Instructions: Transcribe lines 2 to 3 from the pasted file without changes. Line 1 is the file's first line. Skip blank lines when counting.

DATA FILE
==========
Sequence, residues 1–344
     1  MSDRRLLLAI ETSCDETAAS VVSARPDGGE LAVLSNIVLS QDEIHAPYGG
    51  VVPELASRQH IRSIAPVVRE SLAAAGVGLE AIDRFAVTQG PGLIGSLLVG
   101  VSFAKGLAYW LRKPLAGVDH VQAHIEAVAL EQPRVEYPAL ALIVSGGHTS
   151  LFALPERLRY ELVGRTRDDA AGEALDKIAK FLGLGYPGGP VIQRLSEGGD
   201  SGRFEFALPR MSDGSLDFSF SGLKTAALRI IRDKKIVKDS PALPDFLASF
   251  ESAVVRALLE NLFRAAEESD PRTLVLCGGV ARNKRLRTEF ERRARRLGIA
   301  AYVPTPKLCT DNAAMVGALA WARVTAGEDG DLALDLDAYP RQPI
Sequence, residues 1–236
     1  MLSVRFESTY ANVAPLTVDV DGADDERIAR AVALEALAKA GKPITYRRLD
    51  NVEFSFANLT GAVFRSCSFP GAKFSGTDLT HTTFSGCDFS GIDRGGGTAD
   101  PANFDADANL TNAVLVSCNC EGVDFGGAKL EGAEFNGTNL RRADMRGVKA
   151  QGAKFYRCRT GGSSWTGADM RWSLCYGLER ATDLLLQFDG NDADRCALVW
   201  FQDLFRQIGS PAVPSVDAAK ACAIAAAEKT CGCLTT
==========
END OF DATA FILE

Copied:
     1  MSDRRLLLAI ETSCDETAAS VVSARPDGGE LAVLSNIVLS QDEIHAPYGG
    51  VVPELASRQH IRSIAPVVRE SLAAAGVGLE AIDRFAVTQG PGLIGSLLVG